July meeting of representatives from five organizations saw agreement on a variety of issues, including the desire to see all of the ranch conserved, Conservation Foundation president says
The owners of Orange Hammock Ranch have made it clear to the Conservation Foundation of the Gulf Coast that they want “‘significant movement’ before they extend [the Foundation’s] option [to purchase the property], which expires Oct. 4.” That was the message Christine Johnson, president of the Foundation, delivered to the Sarasota County Commission and the North Port Commission during the boards’ joint meeting on Sept. 12 in Venice.
Her understanding, Johnson continued, is that that means “seeing that there is a sincere conversation regarding funding commitments.”
She told the boards, “Time is of the essence.”
The Orlando real estate firm of Dykes Everett has the 5,774-acre ranch listed at $22,807,300, or $3,950 per acre.
A Sept. 6 memo to the County Commission from Carolyn Brown, director of the county’s Parks, Recreation and Natural Resources Department, notes that a state-certified appraiser, Ronald M. Saba, appraised the property at $20.2 million in a March 28 report to county staff.
Brown noted in her memo that during initial discussions about the potential purchase of the property to ensure its conservation, the Foundation was looking to the Southwest Florida Water Management District (SWFWMD) “to be the primary funder for the acquisition …” That discussion also “was based on a financial contribution of approximately $3.5 [million from] Sarasota County,” Brown pointed out. “The funding contributions have not been finalized,” she added, but the money could come through the county’s Environmentally Sensitive Lands Protection Program.
“For these folks … that want to see ‘significant movement,’ I presume you told them that the four neighboring county commissions, [the North Port Commission and the Peace River Manasota Regional Water Supply Authority] all unanimously voiced their support for this purchase,” County Commission Chair Al Maio told Johnson on Sept. 12.
“Yes,” she said, adding that she also had sent them the letters of support she had received, including the one from the County Commission.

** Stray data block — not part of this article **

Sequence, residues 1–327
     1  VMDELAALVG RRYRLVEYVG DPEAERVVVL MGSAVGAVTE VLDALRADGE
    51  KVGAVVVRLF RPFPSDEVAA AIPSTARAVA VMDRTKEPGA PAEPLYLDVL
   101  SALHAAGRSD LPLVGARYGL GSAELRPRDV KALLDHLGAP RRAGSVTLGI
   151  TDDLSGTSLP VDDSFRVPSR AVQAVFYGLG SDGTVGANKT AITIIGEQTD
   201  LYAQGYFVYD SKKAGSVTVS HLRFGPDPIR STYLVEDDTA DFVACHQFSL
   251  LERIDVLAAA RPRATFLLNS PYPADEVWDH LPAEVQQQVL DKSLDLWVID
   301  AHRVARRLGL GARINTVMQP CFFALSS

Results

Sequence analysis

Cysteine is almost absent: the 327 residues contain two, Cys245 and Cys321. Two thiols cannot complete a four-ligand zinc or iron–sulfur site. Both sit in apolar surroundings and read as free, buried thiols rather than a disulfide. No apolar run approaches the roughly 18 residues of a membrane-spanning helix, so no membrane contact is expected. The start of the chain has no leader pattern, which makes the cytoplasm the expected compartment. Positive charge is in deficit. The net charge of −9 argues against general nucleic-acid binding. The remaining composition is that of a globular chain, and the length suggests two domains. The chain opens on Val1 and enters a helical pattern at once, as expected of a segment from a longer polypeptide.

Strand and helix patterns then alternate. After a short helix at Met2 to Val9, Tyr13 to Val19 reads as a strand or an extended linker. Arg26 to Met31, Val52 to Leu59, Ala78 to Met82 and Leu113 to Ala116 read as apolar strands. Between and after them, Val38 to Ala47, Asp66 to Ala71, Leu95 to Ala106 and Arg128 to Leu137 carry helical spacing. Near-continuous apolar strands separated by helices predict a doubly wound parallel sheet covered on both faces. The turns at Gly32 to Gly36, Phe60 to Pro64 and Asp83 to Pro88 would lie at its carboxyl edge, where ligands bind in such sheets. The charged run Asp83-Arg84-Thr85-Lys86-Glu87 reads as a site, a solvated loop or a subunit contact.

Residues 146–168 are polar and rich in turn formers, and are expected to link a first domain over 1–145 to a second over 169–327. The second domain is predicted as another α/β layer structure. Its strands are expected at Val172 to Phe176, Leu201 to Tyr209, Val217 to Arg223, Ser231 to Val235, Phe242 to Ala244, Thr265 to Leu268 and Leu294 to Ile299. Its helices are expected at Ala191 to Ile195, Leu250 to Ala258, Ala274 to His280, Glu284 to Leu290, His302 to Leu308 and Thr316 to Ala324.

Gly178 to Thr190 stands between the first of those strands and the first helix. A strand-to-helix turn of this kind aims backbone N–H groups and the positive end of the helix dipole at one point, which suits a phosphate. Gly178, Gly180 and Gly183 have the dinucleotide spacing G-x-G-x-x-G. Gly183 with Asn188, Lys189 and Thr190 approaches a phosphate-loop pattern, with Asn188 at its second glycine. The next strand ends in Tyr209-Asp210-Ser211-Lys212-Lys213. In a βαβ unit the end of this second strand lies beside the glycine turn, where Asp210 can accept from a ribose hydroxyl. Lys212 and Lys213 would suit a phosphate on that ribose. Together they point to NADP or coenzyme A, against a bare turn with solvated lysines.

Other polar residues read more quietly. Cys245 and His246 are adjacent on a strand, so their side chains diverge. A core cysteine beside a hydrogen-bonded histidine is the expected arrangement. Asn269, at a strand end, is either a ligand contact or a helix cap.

“Tell them that we think that’s significant,” Maio replied.
Johnson laughed and then responded, “I have told them I think it’s significant.”
Johnson pointed out that the Foundation hosted a kickoff meeting at its Osprey headquarters on July 19 to discuss funding and management matters regarding the ranch. SWFWMD’s contribution to the acquisition of the property, she continued, “ideally would be from [its] Florida Forever allocations.” She was referring to the conservation program that operates through the Florida Department of Environmental Protection.
The potential also exists for other state money to come from Florida Forever, Johnson added, “but that’s difficult, tenuous and certainly not timely.”
Past and present
During her presentation, Johnson explained that five of the six organizations represented at the July 19 session in Osprey “had tried to do something with this property over the last two decades. Four have tried multiple times.”
Brown’s memo to the County Commission noted that since Orange Hammock Ranch originally was identified by county staff for acquisition in 1998, the county’s Environmentally Sensitive Lands Protection Program has purchased more than 15,750 acres “and protected an additional 11,400 acres through conservation easements.”
The agreement the five entities reached on July 19, Johnson said, is “that we all want to conserve all of the ranch. … This time, we all believe … it has an excellent chance of getting done.”
Still, she acknowledged, negotiations with the owners are sensitive.
Along with SWFWMD, the participants in that session represented Sarasota County, the City of North Port, the Peace River Authority and the Florida Fish and Wildlife Conservation Commission (FWC).
“The size of 5,774 acres is hard for most people to wrap their head around,” Johnson pointed out. “That size allows for variations in views from vast vistas to close woods.”
Add in the lands to the north and to the east, she continued, “and it will mean that the ecosystems that work today to clean the water, hold water and provide habitat for so many species — some of which are endangered — will be protected and working for our community forever.”
During the July 19 meeting, she noted, the representatives of the organizations agreed that ownership and management of the property “can be separated from each other.” All of them also concurred that public access to at least part of the ranch is a goal, she added. However, they also agreed that not all of the land needs to be open to the public and that different activities can be pursued on different parts of it.
In her memo, Brown explained, “The recreational value and uses of this property for the public [are] somewhat limited due to the hydrology of the site. The current owners are managing hunts on the property and this practice could potentially continue through a partnership with FWC.”
Some of the agencies identified themselves as possible partners for management under a few different scenarios, Johnson noted on Sept. 12. A “plethora of details need to be worked out,” she said, but “our next step is funding. We can’t do anything … unless we know we have the funding to purchase Orange Hammock Ranch.”